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Deploy AWS Amplify GraphQL Transformers with AWS CDK

AWS Amplify provides a set of tools and libraries to enable rapid web and native application development. By making use of their tools you can get an application up and running very quickly and with minimal knowledge of the underlying AWS infrastructure. AWS Amplify CLI is one of the tools offered by AWS Amplify in their toolchain. The CLI provides an interactive experience to adding backend capabilities to your application such as GraphQL or RESTful API, authentication, storage, etc. Those configurations are compiled by AWS Amplify CLI into CloudFormation stacks that could be easily deployed to AWS. As an example, the auth capability provided by AWS Amplify is translated to a CloudFormation stack defining a Cognito User Pool with the properties selected interactively during the setup process. This is an exempt from AWS Amplify's docs showing how you will be guided step-by-step in configuring the authentication:

$ amplify add auth  ## "amplify update auth" if already configured
$ Do you want to use the default authentication and security configuration? 
❯ Default configuration 
  Default configuration with Social Provider (Federation) 
  Manual configuration 
  I want to learn more.
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As mentioned above, the AWS Amplify CLI worked great for getting started with a fully working application and even having it deployed very easily, but there are a few limitations I came across along the way that made me look for alternatives. For example, I encountered a few situations when upgrading to a newer version of the AWS Amplify CLI broke my deployment and I had to recreate all the resources from scratch, which is not acceptable for an application running in production. On top of that, performing more advanced configurations requires you to dive into the JSON CloudFormation templates which could be tedious. AWS Amplify is expecting to own the whole structure of your project and as a result, I had a hard time configuring the Lambda functions' code at a different location to use the same linting rules and bundling tools as for the rest of the project, as well as to share some code with the other applications. As AWS CDK was released, I found it to provide a much better experience and flexibility. All the infrastructure resources could be defined in the same programming language as the rest of your code, and you get nice features such as code auto-completion suggestions. The main part of AWS Amplify that I still find useful is the Appsync GraphQL transformers. It is a significant productivity boost as it automatically generates many of the queries and mutations needed by the application. As a result, I was looking around for options to integrate the AWS Amplify GraphQL transformers into a project deployed with AWS CDK, and it turns out the Amplify code is modular enough and it is not as hard as I feared it would be to accomplish this goal.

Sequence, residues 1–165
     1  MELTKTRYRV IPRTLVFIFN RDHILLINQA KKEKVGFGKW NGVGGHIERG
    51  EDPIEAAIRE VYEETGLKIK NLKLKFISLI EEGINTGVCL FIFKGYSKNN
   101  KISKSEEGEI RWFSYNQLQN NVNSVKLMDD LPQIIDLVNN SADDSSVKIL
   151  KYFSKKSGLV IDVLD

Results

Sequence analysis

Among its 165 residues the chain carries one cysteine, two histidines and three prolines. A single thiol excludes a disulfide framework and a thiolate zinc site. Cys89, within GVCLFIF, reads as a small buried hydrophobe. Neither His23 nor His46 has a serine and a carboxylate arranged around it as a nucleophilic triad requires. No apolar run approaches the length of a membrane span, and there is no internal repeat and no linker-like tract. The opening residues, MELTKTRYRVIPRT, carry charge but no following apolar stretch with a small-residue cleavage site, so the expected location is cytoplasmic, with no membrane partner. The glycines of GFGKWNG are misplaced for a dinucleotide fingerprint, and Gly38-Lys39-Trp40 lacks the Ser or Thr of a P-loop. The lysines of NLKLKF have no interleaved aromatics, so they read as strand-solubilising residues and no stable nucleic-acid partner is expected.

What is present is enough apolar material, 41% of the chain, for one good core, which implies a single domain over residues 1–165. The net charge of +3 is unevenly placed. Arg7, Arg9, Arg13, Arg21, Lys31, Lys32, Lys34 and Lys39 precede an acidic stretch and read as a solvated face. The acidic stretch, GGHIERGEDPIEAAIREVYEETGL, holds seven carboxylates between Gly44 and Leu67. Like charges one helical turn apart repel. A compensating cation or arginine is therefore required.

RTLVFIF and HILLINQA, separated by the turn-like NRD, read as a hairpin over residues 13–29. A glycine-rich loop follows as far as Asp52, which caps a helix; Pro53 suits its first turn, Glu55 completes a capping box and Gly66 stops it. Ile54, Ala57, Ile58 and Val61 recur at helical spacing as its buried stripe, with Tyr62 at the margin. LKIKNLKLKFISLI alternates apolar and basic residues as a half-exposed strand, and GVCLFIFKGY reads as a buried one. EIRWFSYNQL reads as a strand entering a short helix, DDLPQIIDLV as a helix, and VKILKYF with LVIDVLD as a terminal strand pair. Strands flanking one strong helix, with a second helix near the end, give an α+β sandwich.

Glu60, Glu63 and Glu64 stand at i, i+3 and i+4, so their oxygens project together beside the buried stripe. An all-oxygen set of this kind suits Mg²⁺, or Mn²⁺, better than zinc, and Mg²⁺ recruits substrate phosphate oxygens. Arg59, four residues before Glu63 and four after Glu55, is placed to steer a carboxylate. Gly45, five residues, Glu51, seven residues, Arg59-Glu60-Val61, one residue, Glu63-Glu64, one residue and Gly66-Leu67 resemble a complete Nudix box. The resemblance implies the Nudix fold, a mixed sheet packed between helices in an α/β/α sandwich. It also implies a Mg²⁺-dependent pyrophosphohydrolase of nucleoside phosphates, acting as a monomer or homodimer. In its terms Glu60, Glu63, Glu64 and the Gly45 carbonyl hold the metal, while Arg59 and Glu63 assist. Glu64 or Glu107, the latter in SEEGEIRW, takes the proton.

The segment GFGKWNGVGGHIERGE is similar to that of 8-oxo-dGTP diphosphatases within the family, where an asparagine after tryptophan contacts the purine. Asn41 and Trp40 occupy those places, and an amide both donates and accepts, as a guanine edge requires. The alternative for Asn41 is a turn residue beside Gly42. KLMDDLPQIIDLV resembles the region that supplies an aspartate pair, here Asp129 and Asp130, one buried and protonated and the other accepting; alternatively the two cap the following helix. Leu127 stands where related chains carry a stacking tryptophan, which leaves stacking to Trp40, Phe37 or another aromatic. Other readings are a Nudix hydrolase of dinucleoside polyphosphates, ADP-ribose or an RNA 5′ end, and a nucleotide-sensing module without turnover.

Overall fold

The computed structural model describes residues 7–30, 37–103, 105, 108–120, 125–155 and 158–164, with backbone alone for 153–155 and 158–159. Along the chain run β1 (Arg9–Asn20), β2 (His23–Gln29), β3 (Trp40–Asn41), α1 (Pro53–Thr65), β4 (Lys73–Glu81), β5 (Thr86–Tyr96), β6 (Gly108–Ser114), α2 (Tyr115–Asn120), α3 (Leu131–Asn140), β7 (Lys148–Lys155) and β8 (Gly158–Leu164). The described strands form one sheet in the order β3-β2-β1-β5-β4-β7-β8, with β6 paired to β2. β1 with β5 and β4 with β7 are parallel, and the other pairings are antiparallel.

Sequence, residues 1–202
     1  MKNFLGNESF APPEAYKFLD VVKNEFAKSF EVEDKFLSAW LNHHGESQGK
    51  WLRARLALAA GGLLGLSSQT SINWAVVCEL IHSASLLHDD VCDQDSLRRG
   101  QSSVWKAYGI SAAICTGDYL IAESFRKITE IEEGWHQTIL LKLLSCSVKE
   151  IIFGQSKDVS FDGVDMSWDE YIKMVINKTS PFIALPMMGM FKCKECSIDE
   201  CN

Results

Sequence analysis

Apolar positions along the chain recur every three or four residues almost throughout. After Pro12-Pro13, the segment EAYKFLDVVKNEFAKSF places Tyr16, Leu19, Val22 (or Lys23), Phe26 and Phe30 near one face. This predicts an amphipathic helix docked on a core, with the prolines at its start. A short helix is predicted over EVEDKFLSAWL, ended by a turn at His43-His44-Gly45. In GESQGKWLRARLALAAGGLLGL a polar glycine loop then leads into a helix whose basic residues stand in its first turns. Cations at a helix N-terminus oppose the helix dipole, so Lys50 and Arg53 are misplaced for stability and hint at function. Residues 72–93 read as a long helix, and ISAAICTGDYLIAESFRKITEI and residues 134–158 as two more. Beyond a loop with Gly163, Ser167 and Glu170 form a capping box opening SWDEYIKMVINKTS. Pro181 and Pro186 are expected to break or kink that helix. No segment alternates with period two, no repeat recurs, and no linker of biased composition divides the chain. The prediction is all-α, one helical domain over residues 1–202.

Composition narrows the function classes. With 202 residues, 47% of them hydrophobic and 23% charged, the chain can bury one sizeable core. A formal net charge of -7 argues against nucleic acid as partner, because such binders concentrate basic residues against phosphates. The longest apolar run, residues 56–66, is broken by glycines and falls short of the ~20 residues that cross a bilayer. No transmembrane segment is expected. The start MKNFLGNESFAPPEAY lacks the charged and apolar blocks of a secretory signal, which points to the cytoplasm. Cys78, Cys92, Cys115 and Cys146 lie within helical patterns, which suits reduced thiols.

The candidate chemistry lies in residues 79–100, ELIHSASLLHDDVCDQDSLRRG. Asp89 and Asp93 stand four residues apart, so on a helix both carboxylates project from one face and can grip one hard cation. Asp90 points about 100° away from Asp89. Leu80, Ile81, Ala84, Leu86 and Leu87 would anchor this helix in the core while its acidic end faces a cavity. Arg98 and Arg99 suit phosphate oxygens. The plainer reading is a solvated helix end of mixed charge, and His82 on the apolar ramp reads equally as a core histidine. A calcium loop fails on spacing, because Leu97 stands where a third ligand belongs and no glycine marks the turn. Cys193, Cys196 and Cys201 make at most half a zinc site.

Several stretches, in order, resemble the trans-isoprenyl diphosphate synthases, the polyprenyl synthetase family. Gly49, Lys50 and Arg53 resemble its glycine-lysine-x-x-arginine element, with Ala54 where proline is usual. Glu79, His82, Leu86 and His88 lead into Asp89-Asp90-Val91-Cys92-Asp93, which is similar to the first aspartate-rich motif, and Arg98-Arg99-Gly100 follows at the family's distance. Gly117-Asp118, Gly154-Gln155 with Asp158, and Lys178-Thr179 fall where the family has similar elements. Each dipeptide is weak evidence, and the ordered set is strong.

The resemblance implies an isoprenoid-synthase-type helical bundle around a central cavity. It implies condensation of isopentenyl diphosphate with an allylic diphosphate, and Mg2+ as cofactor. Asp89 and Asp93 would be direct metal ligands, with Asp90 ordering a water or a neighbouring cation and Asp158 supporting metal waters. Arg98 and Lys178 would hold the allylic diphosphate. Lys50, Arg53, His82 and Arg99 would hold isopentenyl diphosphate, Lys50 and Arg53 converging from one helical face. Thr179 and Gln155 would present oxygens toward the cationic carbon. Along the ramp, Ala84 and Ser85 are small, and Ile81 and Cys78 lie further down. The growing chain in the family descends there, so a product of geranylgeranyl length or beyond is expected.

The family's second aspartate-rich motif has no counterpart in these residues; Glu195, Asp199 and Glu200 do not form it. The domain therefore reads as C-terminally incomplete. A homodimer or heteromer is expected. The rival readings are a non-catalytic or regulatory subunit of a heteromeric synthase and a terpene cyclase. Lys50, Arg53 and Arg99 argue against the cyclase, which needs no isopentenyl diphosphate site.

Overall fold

Note: A GitHub repository is available to demonstrate the full implementation. Check it out here. The starting point for this article is a project already having AWS CDK configured, which is effectively the result of my previous article https://dev.to/alexvladut/how-to-add-aws-cdk-to-an-existing-project-2d30. This article assumes you're already familiar with how AWS Amplify GraphQL transformers work, but you can find more details in this section of the documentation https://docs.amplify.aws/cli/graphql/overview/.

AWS Amplify code is open-sourced and could be found on GitHub at https://github.com/aws-amplify/amplify-cli. We could make use of the NPM packages deployed independently to recreate the functionality offered by the AWS Amplify CLI regarding the GraphQL transformers. The entry point for generating the Appsync resolvers could be found here and the class we are interested in is GraphQLTransform which takes as a parameter all the individual transformers and iterates over them to generate the GraphQL resolvers and the associated CloudFormation stacks for deploying those resolvers.

This article is split into two parts. First, we'll look into implementing a script for transforming the GraphQL schema with the end goal being to generate the Appsync resolvers and all the associated CloudFormation stacks to deploy the GraphQL API into the cloud. Next, we'll see how we can import the GraphQL stacks from AWS CDK and perform the deployment to AWS.

Applying the GraphQL transformers

Let's get started by creating a simple GraphQL schema that will be used as the base for generating the resolvers and associated CloudFormation stacks. Inside the infra directory create a new file called schema.graphql and add the following content to it:

type User @model @auth(rules: [{ allow: owner, ownerField: "id" }]) {
  id: ID! @primaryKey
  name: String!
  email: AWSEmail!
  phone: AWSPhone
  createdAt: AWSDateTime!
  updatedAt: AWSDateTime!
}
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Add the following NPM packages to your project's package.json:

+  "dependencies": {
+    "@aws-amplify/graphql-auth-transformer": "^0.7.7",